Thursday, March 11, 2010

Waiting For Signs

One of my fondest memories of being a teenager was when I had finished loading all the dishes into the dishwasher, had wiped down all the counters, and was just about ready to announce myself finished, when in walked my father, arms and hands laden with glasses and cups of water from around the house. At the time, my teenage perspective was quite certain that he did this to spite me, piss me off, and otherwise prolong my chores just because he could. Being the perfect teen that I was, I did not huff, sigh, or shoot him dirty looks. I did not roll my eyes and silently wish I was adopted. No, I said, “Thank you Father. I appreciate your thorough collection of water glasses and I’m glad that we’ll be able to load these dishes to capacity so as not to waste these three precious tablespoons of liquid dishwashing soap.”

Well, maybe I didn’t say all that. But I remember that this little dance happened more than once, me just about ready to finish up the dishes, and him, walking into the kitchen with more.

Now that I’m adult, I can see that not only was the chocolate sniffing gene passed down to me and my children, but so was the water collecting gene. To fully illustrate what I mean, I put together a little photo gallery for you. This is what I found in one afternoon:

These are in the downstairs bedroom. No one has slept down here in about thee weeks.


I'll admit, these are mine. They are in the windowsill because my daughter's don't have nightstands. Yes, I sleep in my daughter's room. It's another blog.



















My son's sports collection.

These belong to my husband.

These colorful glasses belong to my middle girl. I appreciate that she coordinated them to her room.

Yes, even our youngest is a collector. Thank goodness these are (mostly) leak proof.

Walking into my own kitchen it’s pretty obvious that my family has more glasses of water strewn about the house and in various bedrooms than are currently resting on my urban kitchen shelving. I admit that many of these water glasses are mine, since I need a new glass of water each evening. Water in open containers from the previous day taste stale, for one. How water can taste stale I can’t quite explain, except to say old water on my nightstand tastes, well… old, and water fresh from the fridge, tastes fresh. It’s not really any more scientific than that.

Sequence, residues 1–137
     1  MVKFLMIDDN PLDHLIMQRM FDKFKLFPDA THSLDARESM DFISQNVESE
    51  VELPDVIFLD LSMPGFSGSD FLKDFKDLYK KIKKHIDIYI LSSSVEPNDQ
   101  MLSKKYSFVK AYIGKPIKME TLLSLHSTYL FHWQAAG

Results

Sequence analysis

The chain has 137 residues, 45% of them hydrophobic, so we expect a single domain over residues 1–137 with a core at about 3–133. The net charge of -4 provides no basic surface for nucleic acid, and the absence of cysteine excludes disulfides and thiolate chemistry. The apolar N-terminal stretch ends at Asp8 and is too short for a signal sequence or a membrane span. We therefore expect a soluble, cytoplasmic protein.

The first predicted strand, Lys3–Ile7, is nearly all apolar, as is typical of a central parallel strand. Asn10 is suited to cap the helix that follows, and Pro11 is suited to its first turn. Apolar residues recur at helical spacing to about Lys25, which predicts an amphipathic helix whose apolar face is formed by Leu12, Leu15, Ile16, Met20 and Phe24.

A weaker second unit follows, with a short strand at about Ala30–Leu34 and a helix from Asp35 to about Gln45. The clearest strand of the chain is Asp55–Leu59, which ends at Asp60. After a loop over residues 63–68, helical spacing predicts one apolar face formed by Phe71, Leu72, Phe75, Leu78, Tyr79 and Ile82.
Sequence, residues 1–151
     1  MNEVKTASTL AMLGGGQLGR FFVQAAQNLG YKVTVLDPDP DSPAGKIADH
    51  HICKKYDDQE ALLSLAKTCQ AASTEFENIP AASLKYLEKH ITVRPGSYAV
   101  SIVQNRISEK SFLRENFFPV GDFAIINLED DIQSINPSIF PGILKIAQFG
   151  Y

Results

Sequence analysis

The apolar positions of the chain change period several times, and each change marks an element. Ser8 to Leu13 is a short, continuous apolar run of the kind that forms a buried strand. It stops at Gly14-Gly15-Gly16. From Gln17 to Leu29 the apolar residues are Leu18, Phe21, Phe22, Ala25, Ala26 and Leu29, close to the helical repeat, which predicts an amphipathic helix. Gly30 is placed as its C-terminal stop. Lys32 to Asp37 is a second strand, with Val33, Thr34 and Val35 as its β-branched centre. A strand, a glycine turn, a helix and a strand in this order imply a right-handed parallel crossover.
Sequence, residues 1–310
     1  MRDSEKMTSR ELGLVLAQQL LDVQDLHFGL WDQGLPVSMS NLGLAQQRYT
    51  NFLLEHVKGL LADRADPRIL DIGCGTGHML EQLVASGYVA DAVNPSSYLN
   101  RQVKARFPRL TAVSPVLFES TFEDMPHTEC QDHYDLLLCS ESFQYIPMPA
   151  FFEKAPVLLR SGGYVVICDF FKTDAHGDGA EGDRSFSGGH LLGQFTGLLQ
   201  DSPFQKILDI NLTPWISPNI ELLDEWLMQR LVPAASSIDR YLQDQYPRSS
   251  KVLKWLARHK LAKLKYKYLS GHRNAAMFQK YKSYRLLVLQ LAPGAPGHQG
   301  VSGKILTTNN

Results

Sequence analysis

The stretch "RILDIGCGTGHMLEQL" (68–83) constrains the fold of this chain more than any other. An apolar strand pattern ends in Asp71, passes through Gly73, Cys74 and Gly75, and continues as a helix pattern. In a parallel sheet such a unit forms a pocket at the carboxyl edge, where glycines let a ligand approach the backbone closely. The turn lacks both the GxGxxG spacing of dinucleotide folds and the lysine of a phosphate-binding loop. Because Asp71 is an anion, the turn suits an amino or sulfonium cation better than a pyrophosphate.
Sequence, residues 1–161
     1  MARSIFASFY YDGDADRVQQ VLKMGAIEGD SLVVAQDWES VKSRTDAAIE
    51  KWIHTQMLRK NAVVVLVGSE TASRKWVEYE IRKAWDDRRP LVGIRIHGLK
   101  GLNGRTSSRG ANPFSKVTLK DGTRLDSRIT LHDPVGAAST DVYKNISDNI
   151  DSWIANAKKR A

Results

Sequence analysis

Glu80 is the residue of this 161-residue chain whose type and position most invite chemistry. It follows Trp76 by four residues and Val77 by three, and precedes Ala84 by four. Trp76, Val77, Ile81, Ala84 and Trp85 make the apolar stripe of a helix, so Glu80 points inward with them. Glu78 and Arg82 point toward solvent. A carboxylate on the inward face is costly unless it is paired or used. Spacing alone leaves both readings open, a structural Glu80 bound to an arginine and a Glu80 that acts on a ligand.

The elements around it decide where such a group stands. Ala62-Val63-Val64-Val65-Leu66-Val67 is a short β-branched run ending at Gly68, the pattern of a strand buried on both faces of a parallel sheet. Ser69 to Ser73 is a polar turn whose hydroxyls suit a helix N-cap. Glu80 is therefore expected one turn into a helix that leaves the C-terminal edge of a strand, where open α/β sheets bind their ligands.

Secondly, water in open glasses from the night before always contains bits of filament and dust. You might not be able to see this upon first glance at the water glass, but if you tilt the glass slightly allowing the light to shine on the water’s surface, you’ll see it. Bits of linty whatnot floating there on top. Maybe it’s the dust from my lampshade. Maybe it’s crud from the humidifier or room heater. Perhaps they’re even dust mites and single cell amoebas, all I know is I’m not going to drink it.

My children feel the same way. Even my son—who keeps his water in a sports bottle since he sleeps in a loft—gets a new water bottle pretty frequently. I have a sneaking suspicion that his motivation is less a desire for fresh water than a means to stay awake 10 more minutes while he fills a fresh bottle, but the result is the same. His bed is littered with plastic squeeze containers.

Why my family (and I include myself in the group) can’t return their water glasses to the sink each morning I don’t know. In fact, collection of said glasses doesn’t usually happen until I notice we only have one left on the shelf and the dishwasher is empty. Perhaps we are unconsciously waiting for strange circles to appear in the front yard grass and those water glasses will come in handy when aliens try to abduct one of my children, inspiring my son and husband to take their baseball bats out and “swing high,” freeing us from the grips of the evil alien life forms. If they come, we’ll be ready.

3 comments:

Anonymous said...

Did see the bus. . . .

Anonymous said...

That should read "did not see the bus". . . .

Fred A. said...

You have learned your lessons well Grasshopper! Keeping alive those valued traditions you learned as a child despite being thousands of miles from home would make any father proud! I still deal with this on a daily basis- most notably when I am done with the dishes (hand washed and dried) then your mom comes home from work and empties her plastic storage containers, etc from that day into the sink- all caddywampus, not stacked neatly, tops on one side, dirty containers on the other.....
Add to this the quart glass jar by the side of her bed and the coffee cup in the bathroom where she gets going every morning and I am still colecting things- YEARS after you and your sisters have left.

Still, with all of the issues in the world, this I can handle.

Dishpan Hands Dad